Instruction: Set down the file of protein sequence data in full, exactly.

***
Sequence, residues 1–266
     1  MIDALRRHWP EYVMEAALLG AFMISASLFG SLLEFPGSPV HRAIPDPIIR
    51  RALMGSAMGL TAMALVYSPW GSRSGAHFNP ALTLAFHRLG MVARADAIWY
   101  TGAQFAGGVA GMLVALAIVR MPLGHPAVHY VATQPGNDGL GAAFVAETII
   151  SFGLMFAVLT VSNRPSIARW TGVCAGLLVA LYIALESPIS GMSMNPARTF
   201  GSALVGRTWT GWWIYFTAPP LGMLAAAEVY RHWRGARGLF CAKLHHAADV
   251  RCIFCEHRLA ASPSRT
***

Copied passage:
Sequence, residues 1–266
     1  MIDALRRHWP EYVMEAALLG AFMISASLFG SLLEFPGSPV HRAIPDPIIR
    51  RALMGSAMGL TAMALVYSPW GSRSGAHFNP ALTLAFHRLG MVARADAIWY
   101  TGAQFAGGVA GMLVALAIVR MPLGHPAVHY VATQPGNDGL GAAFVAETII
   151  SFGLMFAVLT VSNRPSIARW TGVCAGLLVA LYIALESPIS GMSMNPARTF
   201  GSALVGRTWT GWWIYFTAPP LGMLAAAEVY RHWRGARGLF CAKLHHAADV
   251  RCIFCEHRLA ASPSRT